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Where: Saigon Deli, 1237 S Jackson St., 322-3700.

What $13 Gets You: Cold noodles with pork, tapioca dumplings, rice balls stuffed with pork, three sweet

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$13 at Saigon Deli

$13 buys you pounds and pounds of jiggly, plastic-wrapped desserts

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Where: Saigon Deli, 1237 S Jackson St., 322-3700.

What $13 Gets You: Cold noodles with pork, tapioca dumplings, rice balls stuffed with pork, three sweet things, and a can of Diet Coke, plus 50 cents change (couldn't find a tip jar).

Would I eat it again: Many of these specific dishes, no. But I’ll be back.

Many Seattleites love Vietnamese delis for their banh mi, but I’m both obsessed with and mystified by the stacks of plastic-wrapped styrofoam plates displayed around the counter. You could make three lunches out of these cold meals, snacks, and sweets for the price of a turkey sandwich.

Saigon Deli has a small but particularly good-looking arrangement of wrapped goods. Just to make this $13 trip a challenge, I avoided not only sure hits like spring rolls and deep-fried sesame balls but also things I already love, like sticky rice with Chinese sausage and dried shrimp.

I carefully selected three or four packages and gave them to the counterperson. How much? “$6.50,” she called out. Ran back to the fridge for a sweet drink and grabbed another package: $10.50. People were lining up around me, and the maximum capacity of the entire store is six, so I tossed in a can of soda and another dessert to raise the total to $12.50. “You’re on a mission,” the customer next to me said. The plastic grocery sack I was handed held 10 pounds of food. No exaggeration.

My idiot camera's battery died after one shot, and before it fully recharged I ate the rice noodles with roast pork and slices of nem chua, a bright-pink pickled pork sausage studded with whole white peppercorns. The meats came with a fantastic cucumber-carrot-jalapeno salad, cilantro sprigs, and nuoc cham, the ubiquitous dipping sauce. This was my favorite dish. Sorry there's no close-up photo.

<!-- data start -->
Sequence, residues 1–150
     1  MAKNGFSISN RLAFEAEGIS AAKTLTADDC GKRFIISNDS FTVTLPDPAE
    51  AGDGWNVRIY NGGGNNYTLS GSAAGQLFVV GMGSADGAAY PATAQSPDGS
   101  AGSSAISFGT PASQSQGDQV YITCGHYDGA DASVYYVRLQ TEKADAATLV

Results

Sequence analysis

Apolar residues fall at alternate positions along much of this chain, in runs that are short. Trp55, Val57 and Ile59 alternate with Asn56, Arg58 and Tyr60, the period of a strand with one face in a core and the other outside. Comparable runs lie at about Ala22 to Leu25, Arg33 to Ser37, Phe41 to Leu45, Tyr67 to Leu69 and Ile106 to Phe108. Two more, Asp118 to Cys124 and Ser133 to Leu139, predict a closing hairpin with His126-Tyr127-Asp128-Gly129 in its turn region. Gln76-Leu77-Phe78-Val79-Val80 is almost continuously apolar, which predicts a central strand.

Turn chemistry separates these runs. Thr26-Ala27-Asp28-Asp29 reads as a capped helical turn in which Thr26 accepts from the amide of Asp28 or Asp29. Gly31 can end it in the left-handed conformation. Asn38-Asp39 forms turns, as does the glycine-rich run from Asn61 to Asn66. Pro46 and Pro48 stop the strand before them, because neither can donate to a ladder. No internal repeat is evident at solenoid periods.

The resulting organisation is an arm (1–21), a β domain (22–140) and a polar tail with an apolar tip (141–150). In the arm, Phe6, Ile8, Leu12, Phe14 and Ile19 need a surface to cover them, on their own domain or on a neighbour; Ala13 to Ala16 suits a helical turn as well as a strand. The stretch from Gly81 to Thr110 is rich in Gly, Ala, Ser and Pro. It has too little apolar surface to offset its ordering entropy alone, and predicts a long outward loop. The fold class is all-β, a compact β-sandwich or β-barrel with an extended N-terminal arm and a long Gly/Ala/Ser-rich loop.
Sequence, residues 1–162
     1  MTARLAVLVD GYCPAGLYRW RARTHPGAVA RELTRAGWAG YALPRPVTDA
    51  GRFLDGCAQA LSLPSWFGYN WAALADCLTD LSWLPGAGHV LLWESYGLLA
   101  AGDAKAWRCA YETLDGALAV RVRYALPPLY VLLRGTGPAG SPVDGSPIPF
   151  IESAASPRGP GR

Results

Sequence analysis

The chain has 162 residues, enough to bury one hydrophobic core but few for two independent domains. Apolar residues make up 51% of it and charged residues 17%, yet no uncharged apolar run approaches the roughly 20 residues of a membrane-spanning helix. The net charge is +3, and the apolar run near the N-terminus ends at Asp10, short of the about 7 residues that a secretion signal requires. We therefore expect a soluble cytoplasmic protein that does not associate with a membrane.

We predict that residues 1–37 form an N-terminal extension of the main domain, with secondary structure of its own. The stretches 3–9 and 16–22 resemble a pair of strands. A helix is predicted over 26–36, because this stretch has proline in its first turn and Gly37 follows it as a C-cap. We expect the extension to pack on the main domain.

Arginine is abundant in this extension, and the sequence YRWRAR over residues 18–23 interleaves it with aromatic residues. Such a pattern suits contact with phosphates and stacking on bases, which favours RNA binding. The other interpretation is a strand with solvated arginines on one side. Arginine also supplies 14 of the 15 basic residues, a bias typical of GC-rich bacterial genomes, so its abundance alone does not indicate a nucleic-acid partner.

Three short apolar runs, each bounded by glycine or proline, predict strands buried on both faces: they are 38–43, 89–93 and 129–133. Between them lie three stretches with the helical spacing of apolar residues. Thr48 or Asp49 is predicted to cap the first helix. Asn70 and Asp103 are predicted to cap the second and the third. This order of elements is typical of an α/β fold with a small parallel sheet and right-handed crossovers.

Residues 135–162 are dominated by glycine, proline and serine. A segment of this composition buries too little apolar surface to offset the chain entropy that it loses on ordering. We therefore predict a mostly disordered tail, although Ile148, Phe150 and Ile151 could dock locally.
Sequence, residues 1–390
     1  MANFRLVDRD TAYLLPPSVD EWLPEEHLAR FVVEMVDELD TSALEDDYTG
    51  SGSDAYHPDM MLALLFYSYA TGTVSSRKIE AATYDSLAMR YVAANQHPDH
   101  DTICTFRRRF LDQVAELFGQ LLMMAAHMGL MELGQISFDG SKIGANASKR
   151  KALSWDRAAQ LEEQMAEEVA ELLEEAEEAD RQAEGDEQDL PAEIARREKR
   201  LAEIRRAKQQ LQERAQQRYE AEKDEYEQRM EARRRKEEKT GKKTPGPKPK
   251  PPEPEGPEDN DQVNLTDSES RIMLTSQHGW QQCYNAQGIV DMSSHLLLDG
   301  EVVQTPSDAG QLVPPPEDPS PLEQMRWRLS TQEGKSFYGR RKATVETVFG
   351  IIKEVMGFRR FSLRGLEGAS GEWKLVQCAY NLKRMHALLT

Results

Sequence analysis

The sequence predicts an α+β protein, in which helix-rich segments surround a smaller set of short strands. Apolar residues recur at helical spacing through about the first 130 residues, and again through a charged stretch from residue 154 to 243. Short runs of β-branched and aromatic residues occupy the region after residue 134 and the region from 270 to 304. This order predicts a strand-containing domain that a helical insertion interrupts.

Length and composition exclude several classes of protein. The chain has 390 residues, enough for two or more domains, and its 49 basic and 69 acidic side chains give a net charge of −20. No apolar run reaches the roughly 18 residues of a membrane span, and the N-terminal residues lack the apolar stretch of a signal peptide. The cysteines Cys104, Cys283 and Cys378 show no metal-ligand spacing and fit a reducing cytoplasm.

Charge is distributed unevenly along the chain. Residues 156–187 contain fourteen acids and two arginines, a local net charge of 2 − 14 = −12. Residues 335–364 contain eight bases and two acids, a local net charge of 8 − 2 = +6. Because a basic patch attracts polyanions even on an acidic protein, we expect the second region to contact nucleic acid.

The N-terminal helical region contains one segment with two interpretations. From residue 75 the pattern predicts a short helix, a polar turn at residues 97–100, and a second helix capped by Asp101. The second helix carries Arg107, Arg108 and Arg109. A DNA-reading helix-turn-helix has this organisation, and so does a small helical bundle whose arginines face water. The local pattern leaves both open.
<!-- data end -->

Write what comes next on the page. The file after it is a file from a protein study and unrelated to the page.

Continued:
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Not so good were some sticky-rice balls stuffed with a gritty mixture of ground mung beans and ground pork; when dipping something in nuoc cham doesn’t make it palatable, you know it’s not worth eating. The tapioca crepes above were filled with a tasty mix of shrimp and roast pork. You dunk them in . . . guess what. Loved the filling, especially enhanced by the sweet-tart kick of the nuoc cham, but the tapioca wrapping was too thick and gelatinous. It was like chewing through a hunk of Bubble Yum to get to the good stuff.
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This sippable dessert of sperm-shaped, slippery rice-flour squiggles came with a container of coconut milk and another of a caramel syrup, which you stir into the cup. Sometimes I enjoy the perverse thrill of these weird noodles, which feel like minnows swimming down your throat, but since the cooks burned the caramel, it spoiled the dish.
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The worst and best sweets: Sticky rice mixed with orange food coloring and coconut (left) was so overcooked that it turned into a gelatinous mush Next to it, though, is an addictive pudding/Jell-O/cake with layers of mung-bean paste and some kind of jelly flavored with coconut and pandan leaf (the “Southeast Asian vanilla”). I’m a Midwesterner, raised on Jell-O salad, and something about the creamy gelatinousness of this dessert appealed to me.

This selection of dishes comes off as seven kinds of jiggle, but I was testing boundaries and sending myself an invitation to grow. Next time I go back to Saigon Deli, though, I’m going to pick up the grilled meatballs on a stick and the steamed-pork slices with cucumber salad and nuoc cham. That can't cost more than $4.

 
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